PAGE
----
The August election appeared to go well. Donors had spent some USD$24 million on an electronic vote-tallying system intended to prevent interference. On 11 August, the electoral commission announced that Kenyatta had won another five-year term with over 54 per cent of the vote. Various observer groups, including the Carter Centre, led by ex-US Secretary of State John Kerry, announced that they had found no evidence of significant fraud. Congratulations poured in. Departing Kenya, Kerry praised the electoral commission for doing “an extraordinary job”, and he even admonished the opposition to “get over it and move on”.
Raila Odinga, leader of the opposition National Super Alliance (NASA), thought differently. On 18 August he submitted a petition asking the Supreme Court to annul the vote. He claimed that nearly half of all votes cast had been tampered with; secret, unofficial polling stations had transmitted false votes to Nairobi; NASA’s official observers had been expelled from polling stations in Kenyatta’s strongholds. On 29 August, the registrar of the Supreme Court reported that some five million votes were not verified.
Soon after, the six-judge bench of the Supreme Court, in a four-two decision, ruled that the voting had been hacked and manipulated in favour of the incumbent. The commission had “failed or neglected or refused to conduct the presidential election in a manner consistent with the dictates of the constitution.”
The electoral commission, specifically, had committed “illegalities and irregularities”. The election was invalid, and they ordered a new vote within 60 days. The court would release its full report in 21 days.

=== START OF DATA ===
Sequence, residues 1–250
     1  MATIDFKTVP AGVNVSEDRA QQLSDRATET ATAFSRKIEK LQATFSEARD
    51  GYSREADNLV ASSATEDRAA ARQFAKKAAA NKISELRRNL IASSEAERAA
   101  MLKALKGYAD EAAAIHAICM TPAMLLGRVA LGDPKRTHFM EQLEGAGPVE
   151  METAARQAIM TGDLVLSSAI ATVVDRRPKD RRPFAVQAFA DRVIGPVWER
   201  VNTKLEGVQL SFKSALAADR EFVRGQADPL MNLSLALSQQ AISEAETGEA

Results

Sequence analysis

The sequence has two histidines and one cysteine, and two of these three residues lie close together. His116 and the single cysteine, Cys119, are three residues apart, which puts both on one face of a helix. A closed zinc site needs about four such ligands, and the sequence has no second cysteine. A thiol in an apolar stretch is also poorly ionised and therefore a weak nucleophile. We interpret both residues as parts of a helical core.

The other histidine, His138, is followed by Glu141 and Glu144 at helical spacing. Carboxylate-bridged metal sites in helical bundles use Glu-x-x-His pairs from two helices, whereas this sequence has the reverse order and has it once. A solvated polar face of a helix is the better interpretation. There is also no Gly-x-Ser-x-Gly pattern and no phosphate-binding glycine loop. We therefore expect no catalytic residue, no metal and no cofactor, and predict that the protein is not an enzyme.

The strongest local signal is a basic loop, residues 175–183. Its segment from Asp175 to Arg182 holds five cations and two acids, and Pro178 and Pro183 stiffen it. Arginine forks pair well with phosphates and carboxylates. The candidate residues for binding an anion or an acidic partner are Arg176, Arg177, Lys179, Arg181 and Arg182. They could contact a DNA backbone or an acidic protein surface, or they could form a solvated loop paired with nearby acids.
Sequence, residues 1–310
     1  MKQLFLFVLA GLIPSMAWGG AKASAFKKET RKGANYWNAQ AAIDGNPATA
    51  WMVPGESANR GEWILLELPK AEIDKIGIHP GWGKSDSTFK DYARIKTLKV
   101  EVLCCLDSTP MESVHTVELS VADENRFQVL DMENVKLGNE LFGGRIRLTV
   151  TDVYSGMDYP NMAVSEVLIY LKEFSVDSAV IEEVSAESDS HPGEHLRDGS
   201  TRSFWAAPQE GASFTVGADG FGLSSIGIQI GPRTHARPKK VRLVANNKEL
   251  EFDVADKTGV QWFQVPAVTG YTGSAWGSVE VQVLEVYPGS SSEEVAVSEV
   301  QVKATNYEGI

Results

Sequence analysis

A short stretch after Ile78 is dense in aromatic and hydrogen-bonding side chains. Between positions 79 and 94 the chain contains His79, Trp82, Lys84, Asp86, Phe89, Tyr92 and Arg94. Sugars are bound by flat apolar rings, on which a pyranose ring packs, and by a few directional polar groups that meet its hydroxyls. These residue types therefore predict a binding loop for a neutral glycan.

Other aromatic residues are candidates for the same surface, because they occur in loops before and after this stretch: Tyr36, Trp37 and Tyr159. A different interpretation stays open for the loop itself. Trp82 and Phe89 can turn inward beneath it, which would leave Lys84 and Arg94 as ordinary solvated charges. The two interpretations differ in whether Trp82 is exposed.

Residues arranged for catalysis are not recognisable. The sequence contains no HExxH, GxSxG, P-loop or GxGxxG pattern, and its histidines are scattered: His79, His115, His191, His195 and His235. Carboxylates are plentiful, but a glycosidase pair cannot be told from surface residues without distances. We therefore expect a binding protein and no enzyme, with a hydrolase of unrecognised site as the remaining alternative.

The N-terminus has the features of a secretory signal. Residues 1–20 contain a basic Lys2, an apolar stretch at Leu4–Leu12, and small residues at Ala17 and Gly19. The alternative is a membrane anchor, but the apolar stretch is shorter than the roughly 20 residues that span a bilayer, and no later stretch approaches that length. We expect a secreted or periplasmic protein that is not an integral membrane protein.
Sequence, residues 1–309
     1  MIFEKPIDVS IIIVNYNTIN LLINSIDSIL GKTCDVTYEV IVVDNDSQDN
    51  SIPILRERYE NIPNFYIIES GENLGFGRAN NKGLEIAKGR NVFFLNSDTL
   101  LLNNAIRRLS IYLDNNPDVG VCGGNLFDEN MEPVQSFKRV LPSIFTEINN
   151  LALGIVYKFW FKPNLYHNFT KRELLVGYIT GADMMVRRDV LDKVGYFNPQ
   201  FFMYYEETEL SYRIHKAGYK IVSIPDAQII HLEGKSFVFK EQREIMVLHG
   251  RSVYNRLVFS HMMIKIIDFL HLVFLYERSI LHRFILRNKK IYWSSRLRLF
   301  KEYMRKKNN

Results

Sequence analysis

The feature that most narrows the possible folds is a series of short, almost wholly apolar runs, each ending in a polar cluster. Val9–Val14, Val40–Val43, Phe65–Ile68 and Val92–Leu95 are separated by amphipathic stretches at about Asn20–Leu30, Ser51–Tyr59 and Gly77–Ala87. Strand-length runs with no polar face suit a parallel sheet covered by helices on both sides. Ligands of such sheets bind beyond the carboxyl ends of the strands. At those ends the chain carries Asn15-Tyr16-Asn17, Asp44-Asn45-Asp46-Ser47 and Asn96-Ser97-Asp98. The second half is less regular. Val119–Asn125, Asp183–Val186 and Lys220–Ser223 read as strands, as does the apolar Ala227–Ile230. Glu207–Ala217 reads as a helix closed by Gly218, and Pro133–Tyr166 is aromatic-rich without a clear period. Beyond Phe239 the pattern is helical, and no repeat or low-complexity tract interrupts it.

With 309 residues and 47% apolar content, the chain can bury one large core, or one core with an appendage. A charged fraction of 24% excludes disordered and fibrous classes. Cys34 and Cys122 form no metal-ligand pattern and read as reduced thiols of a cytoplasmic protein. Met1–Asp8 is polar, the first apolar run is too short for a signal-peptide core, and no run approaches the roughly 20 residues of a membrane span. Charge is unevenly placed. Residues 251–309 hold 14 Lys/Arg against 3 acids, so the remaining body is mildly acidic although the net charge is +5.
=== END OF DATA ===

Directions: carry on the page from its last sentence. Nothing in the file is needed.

Kenyatta said he “respected” the decision, but he also regretted that “six people have decided they will go against the will of the people”. Many noted that the courts in Kenya had long been subservient to the president. Odinga hailed an “exceptional example for all of Africa.” There were many “fundamental decisions” that now had to be made, including “who will conduct the next election?” It was clear that “the entire electoral commission is rotten.”
The past and the future
It will be difficult for Odinga, NASA and poor Kenyans to follow Kerry’s glib ‘time to move on’ direction. The roots of the present conflict lie some 60 years deep in Kenyan society: in the ascendancy of loyalist elites in the last years of settler colonial Kenya. From the 1940s to 1963, a new rising rich peasantry and aspirant rural capitalist class were assisted by colonialism, to act as a sociopolitical bulwark against a poor, landless peasantry in the central highlands.
Not for the first or last time, colonialism misread the situation badly: rather than being “the leader to darkness and death”, Jomo Kenyatta was trying to fend off a poor peasant uprising he correctly anticipated. Their deeply inequitable struggle for land and freedom represented the losing side in the undeclared civil war in the highlands.
The struggle became overt when the British declared a state of emergency in October 1952 and attacked the peasant freedom movement on various fronts. One was psychological, in the name ‘Mau Mau’, intended to besmirch and weaken the 20,000 men and women in the forest wars against well-equipped colonial forces. Appeals to supposed civilised values were also intended to isolate the approximately 1.5 million people thought to have proclaimed allegiance to the movement.
Jomo Kenyatta was released from banishment to become extremely rich, and Uhuru is his inheritor. Oginga Odinga became his deputy, seen as his likely successor. Kenyatta and Odinga represent the poles in Kenya’s conflict. Much more than a re-run of the August poll will be necessary to end the violence that has lasted so long and runs so deep.
Professor Kenneth Good is an honorary fellow in global studies at RMIT. He was previously professor of political studies at the University of Botswana, 1990-2005.
This article is published under a Creative Commons Licence and may be republished with attribution.